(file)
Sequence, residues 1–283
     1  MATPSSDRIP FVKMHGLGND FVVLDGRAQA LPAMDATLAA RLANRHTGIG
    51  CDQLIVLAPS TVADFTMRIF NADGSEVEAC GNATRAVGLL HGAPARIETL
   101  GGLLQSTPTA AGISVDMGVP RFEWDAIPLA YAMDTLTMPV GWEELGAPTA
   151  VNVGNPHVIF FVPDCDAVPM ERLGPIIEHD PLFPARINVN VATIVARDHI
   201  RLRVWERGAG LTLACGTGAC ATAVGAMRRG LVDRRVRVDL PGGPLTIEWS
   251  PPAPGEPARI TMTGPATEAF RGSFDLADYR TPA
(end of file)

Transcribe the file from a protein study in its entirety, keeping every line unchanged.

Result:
Sequence, residues 1–283
     1  MATPSSDRIP FVKMHGLGND FVVLDGRAQA LPAMDATLAA RLANRHTGIG
    51  CDQLIVLAPS TVADFTMRIF NADGSEVEAC GNATRAVGLL HGAPARIETL
   101  GGLLQSTPTA AGISVDMGVP RFEWDAIPLA YAMDTLTMPV GWEELGAPTA
   151  VNVGNPHVIF FVPDCDAVPM ERLGPIIEHD PLFPARINVN VATIVARDHI
   201  RLRVWERGAG LTLACGTGAC ATAVGAMRRG LVDRRVRVDL PGGPLTIEWS
   251  PPAPGEPARI TMTGPATEAF RGSFDLADYR TPA